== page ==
The current government of Prime Minister Jean Pierre Raffarin was elected by a minority of eligible voters on a law-and-order platform that appealed to ethnic, especially anti-Muslim, prejudice. It has massively built up the police powers of the state since coming to power.
A recent case that made headlines in France showed that the law-and-order atmosphere there is taking its toll. A baggage handler at Paris’ Roissy airport, Abderazak Besseghir, was held from December 28 to January 11, accused of planning terrorist attacks.
Police found guns and explosives in his car. They claimed that documentation concerning airline pilots and pro-Palestinian literature found in Besseghir’s possession were “further evidence.”
Besseghir and his family immediately claimed he was the victim of a frame-up by his in-laws, but the press reported that the police viewed this as highly unlikely. The media also widely disseminated police claims that Besseghir was an Islamic militant, despite his family’s insistence that their Western lifestyle would have made Islamic fundamentalists wary of them. A few days later the press reported that police had found the numbers of several Islamic militants on Besseghir’s cell phone.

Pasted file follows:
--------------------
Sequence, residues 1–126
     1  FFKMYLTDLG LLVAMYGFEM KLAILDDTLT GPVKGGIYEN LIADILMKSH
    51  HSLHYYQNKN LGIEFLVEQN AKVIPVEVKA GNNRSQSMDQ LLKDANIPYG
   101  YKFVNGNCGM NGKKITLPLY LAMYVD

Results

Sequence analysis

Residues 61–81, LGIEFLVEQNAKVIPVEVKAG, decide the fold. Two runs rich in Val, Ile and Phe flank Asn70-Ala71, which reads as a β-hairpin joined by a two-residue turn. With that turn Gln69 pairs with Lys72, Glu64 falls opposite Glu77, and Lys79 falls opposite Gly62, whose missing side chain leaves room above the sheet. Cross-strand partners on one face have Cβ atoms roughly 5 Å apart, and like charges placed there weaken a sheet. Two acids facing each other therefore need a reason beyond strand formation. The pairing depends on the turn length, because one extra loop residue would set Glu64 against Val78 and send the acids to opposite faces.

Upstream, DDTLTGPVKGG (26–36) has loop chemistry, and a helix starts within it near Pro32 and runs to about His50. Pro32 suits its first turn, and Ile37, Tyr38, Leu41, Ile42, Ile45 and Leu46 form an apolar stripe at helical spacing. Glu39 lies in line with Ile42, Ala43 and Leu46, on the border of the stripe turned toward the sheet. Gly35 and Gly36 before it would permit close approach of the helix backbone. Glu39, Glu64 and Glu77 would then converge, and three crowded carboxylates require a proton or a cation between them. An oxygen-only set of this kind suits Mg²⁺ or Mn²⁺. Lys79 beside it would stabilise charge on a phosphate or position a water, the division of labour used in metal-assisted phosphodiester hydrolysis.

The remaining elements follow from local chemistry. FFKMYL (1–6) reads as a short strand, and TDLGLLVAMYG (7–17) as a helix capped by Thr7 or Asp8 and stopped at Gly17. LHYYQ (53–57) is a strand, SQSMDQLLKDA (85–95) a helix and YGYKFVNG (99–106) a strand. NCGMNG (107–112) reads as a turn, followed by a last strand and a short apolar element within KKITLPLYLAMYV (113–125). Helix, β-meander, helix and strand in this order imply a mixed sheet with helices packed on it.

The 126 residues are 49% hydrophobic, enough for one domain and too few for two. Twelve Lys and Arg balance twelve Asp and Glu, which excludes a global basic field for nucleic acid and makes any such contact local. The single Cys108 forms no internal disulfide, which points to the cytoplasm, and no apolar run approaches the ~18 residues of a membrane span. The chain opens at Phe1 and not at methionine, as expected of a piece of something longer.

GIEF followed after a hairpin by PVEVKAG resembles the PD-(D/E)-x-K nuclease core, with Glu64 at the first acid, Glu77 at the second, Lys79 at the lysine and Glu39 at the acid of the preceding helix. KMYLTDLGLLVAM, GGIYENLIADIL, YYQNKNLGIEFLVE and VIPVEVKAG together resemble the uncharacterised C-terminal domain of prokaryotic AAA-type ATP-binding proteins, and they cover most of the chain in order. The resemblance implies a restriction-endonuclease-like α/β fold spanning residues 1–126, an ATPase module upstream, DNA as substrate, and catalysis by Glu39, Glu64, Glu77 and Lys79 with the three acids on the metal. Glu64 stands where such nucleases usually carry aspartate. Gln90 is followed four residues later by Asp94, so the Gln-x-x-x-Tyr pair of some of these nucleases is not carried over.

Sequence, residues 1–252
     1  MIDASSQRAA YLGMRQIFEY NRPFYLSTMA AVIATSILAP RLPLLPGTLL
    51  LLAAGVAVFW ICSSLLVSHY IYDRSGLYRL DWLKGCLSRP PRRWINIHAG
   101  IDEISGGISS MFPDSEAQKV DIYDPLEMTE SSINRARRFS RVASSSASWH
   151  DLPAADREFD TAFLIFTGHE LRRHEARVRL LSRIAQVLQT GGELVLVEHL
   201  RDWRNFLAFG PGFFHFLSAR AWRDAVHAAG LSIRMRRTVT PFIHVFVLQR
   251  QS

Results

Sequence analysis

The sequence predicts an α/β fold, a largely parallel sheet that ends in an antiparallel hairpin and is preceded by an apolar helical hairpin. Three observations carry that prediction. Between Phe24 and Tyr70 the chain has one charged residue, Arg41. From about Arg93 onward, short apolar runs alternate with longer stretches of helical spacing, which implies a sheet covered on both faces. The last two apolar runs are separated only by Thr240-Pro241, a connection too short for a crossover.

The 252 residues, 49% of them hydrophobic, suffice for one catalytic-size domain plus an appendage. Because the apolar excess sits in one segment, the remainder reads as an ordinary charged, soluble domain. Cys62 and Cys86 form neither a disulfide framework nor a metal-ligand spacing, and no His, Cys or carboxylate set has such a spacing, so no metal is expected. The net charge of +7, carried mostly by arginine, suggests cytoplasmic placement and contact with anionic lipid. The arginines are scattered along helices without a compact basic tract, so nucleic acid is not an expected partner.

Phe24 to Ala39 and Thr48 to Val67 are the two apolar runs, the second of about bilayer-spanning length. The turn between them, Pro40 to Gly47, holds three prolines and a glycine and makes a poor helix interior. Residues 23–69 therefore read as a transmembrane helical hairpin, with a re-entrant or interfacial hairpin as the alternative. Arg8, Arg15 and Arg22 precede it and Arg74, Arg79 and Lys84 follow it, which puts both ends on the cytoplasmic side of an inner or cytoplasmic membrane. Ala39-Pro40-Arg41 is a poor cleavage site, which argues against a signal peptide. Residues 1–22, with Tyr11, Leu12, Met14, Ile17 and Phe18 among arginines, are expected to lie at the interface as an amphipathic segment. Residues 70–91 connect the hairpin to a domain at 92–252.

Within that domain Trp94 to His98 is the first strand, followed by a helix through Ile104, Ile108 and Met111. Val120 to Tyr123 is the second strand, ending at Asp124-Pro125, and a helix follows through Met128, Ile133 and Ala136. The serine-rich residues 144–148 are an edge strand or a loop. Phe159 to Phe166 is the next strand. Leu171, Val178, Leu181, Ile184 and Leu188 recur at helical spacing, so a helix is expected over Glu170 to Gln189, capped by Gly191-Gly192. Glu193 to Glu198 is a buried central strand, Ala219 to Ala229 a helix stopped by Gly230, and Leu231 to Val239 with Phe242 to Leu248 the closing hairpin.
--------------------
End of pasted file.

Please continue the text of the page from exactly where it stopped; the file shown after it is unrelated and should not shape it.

The charges against Besseghir fell apart when it became clear that a former military officer, Marcel Le Hir, had planted the guns, explosives, and pro-Palestinian literature in Besseghir’s car while in contact with Besseghir’s in-laws and a private investigator they had hired. Police had apparently suspected Le Hir from early on and placed him under surveillance, while continuing to drag Besseghir’s name through the mud. They sent a special envoy to free and apologize to Besseghir.